THEY say Skipton is the gateway to the Dales - but for many Bradfordians, a day out in the countryside began at Chester Street Bus Station, off Little Horton Lane.

In those days buses came in two colours - red and blue. Bradford City Transport buses were blue. And if you wanted to venture further afield, you took a red West Yorkshire bus, to Keighley, Skipton and rural spots beyond, such as Grassington and Pateley Bridge.

Many readers will have memories of catching buses at Chester Street, often a scene of happy anticipation. For a bus not to run, or be hopelessly late, was exceptional enough to warrant apologies. A thing of the past, if you ask many bus users of today!

This picture of the open-air Chester Street Bus Station was taken in 1973. Bradford Ice Arena, as it’s now known, stands next to it.

A few years later saw a new transport era in the city, with the opening of Bradford Interchange - and the end of smaller depots like Chester Street.

It was 6.25am on Sunday, March 27, 1977 that the number 670 bus left Bradford’s new bus depot on Bridge Street to make the journey to Leeds via Rodley. There was no-one aboard the green and cream double-decker apart from the driver, Thomas Carr, and conductor Derek Smith.

It was on this day that the city’s new bus station opened. Bradford had its own transport Interchange. It cost £16.2 million and was spread over an eight-acre site which, until October 1962, had been a railway goods yard.

The new bus station had a high roof made of 11,000 panes of reinforced glass in a corrugated design, supported by over 1,000 tons of steel. The T&A reported that the building had been eight years in the planning, design and construction. There was room for 140 buses, half the Bradford bus fleet.

The new super station meant the closure of bus depots at Chester Street, Horton Bank Top, Saltaire, Bowling, Duckworth Lane and Bankfoot.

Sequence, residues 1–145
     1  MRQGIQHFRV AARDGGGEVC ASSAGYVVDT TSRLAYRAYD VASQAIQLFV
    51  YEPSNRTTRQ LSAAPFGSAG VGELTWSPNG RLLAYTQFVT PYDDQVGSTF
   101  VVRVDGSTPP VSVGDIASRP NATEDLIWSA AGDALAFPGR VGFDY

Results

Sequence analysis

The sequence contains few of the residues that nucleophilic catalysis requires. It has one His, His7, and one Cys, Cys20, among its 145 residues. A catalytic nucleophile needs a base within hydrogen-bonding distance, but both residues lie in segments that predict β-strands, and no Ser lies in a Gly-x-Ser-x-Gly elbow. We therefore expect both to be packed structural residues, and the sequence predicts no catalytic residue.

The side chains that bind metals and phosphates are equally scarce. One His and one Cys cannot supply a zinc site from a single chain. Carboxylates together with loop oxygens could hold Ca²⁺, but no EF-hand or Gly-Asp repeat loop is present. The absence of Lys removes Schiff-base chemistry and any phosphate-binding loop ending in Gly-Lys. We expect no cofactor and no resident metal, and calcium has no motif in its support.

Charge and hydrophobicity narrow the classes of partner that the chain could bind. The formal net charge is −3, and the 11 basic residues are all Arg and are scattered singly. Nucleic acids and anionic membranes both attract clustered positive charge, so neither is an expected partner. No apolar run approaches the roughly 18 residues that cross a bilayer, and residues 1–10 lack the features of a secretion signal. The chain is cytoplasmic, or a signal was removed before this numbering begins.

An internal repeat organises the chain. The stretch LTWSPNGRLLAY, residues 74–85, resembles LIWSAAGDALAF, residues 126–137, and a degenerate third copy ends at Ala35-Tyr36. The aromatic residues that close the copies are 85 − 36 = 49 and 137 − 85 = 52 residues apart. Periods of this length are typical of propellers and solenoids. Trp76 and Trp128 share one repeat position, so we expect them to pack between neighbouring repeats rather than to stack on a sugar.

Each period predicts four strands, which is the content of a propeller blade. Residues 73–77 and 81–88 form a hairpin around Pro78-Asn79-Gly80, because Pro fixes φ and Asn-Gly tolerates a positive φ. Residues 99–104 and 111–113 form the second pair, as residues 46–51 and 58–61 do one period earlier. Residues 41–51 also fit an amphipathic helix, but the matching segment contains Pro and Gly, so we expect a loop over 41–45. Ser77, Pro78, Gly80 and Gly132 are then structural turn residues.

And while the opening of the Interchange in 1977 heralded a new era in transport, the same decade saw the end of the road for Bradford’s trolley buses. On Sunday, March 26, 1972 the last trolley bus left the city centre, heading for Thornton. On the bus were enthusiasts for this mode of transport that had been pioneered in the city.

Bradford had enjoyed a long love affair with the trolley bus and was the last authority to get rid of them. The electric buses were clean and quiet, accelerating up Bradford’s many hills with speed and efficiency. But they were at the mercy of the power supply, and whenever there was a power cut they ground to a halt. The first trolley bus made its debut on the Laisterdyke to Dudley Hill run in 1911. Bradford became famous for its trolley buses and when they celebrated their 60th anniversary, in 1971, enthusiasts flocked to the city to admire the vehicles.

But a year later, the trolley bus had had its day. The Council decided to switch to motor buses, which many thought a mistake because Bradford’s hills were especially suited to the grand old mode of trolley bus transport.